Zinc in the Treatment of Infertility

Zinc is the most widely investigated nutrient in terms of fertility for both men and women. Zinc contributes to ovulation and fertility in women and semen and testosterone production in men. A lack of zinc is associated with sperm abnormalities. Therefore when trying to conceive may help to maintain sperm count volume and keeping sperm healthy.

Zinc Fertility Benefits

Zinc is necessary to maintain a healthy reproductive system and for efficacious sperm production.  Zinc is essential in the creation of the outer membrane and tail of a sperm. Low levels of zinc in men cause the sperm to ‘clump’, hence, adequate zinc intake is imperative for boosting sperm motility.  This mineral is also responsible for the creation and releasing of enzymes in the head of a sperm that act as a drill into the outer shell of the egg allowing the sperm to pass. It’s usually considered that you need a sperm count of at least 20 million per ml to achieve natural conception. According to the World Health Organisation (WHO), to maximise fertility at least 30% need to be of normal shape and form, and 50% should be actively moving.  Several researches have shown that zinc supplement improves both sperm count motility, and the physical characteristics of sperm in some groups of infertile men.

Zinc is an necessary mineral for male sexual function, increasing the amount of the male hormone testosterone and raising sperm count.  Zinc intake of less than 5 mg per day has shown to correlate with reduced semen volume and testosterone levels. Oxidative stress, overproduction of  ROS (reactive oxygen species) in relation to defence mechanisms, is considered to be a important cause of male infertility.  Zinc has antioxidative effects and plays a critical role in scavenging reactive oxygen species.

A study reported in the Feb 2009 edition of  Nutrition Research demonstrated that low zinc levels in semen correlated with lower sperm counts and a higher degree of abnormal sperm morphology. Subfertility affects one in 20 men. Although sexual function is normal, there is a reduced count of dysfunctional spermatozoa. In a study reported in the Asian Journal of Andrology in 2009, scientists examined the effect of zinc on 458 subfertile men. The researchers found that zinc levels in the body were directly associated with sperm count and are necessary for the development of sperm cells. In a study, 100 male participants with low sperm motility received either 57 mg of zinc twice daily or a placebo.  After 3 months, there was important improvement in sperm quality, sperm motility, sperm count, and fertilizing capacity of the sperm. A study reported in the Fertility and Sterility in 2002 demonstrated a positive relationship between folate and zinc, sperm production in infertile men. The men taking the zinc sulfate (66 mg) and folic acid (5 mg) combination improved their sperm count by 74%.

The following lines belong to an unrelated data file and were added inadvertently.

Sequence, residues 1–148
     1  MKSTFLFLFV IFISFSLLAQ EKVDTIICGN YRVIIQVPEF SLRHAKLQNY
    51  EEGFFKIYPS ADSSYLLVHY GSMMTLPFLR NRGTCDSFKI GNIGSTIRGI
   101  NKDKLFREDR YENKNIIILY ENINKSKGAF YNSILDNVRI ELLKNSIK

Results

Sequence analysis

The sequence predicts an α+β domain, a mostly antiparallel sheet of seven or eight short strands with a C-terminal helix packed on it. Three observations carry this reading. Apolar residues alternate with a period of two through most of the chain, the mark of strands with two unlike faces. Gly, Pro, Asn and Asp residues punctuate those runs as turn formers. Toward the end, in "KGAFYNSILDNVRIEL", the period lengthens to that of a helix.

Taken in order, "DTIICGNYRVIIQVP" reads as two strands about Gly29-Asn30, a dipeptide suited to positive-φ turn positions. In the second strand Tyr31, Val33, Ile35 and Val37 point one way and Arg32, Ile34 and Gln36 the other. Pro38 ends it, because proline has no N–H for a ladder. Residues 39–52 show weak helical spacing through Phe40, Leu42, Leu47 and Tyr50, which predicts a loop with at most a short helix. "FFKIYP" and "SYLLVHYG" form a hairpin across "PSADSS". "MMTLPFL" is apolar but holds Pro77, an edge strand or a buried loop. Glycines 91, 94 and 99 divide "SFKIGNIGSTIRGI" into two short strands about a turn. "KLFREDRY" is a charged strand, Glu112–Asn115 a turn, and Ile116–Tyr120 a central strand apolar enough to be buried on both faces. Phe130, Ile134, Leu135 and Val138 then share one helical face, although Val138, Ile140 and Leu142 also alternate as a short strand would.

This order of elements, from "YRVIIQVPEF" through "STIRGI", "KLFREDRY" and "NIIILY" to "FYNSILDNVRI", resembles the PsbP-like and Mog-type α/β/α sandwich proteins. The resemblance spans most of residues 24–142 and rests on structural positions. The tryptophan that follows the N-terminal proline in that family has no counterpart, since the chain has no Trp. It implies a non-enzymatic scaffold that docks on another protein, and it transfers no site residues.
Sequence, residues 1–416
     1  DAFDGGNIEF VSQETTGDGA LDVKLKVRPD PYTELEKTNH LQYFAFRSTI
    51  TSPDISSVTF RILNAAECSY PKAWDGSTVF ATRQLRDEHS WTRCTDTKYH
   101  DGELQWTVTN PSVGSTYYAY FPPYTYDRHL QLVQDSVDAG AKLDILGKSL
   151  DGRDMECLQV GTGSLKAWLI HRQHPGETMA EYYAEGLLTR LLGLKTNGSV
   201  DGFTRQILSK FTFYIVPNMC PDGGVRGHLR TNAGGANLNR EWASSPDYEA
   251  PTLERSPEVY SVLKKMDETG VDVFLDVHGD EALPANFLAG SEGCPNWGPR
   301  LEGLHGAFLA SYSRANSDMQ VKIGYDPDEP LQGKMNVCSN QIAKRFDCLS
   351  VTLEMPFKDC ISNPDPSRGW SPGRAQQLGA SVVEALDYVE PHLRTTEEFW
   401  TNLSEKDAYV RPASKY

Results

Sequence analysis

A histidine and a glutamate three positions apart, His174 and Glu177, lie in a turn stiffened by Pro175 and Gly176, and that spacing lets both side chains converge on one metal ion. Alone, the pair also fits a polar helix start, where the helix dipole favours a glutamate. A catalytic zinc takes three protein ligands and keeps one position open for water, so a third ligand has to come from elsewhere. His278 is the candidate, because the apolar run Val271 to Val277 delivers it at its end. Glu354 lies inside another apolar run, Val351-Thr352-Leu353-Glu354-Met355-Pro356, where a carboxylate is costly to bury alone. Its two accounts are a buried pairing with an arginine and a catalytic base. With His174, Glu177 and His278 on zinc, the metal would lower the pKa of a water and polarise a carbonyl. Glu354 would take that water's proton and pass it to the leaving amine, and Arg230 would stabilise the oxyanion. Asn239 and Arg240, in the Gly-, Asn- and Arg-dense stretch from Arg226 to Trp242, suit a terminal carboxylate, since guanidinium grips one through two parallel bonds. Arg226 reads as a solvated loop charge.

Low levels of zinc have been directly linked to miscarriage in the early stages of a pregnancy, according to “The Centers for Disease Control’s Assisted Reproductive Technology Report”.  Zinc lack has been linked to an increase in preterm births. According to the results of a review of 17 studies that involved more than 9000 women and their babies, supplement with zinc helped reduce preterm births. Recent research reveals that healthy eggs need a tremendous amount of zinc to reach maturity and be ready for fertilization. “Understanding zinc’s role may eventually help us measure the quality of an egg and lead to advances in fertility treatment,” says Alison Kim, a postdoctoral fellow in obstetrics and gynecology at Northwestern University.

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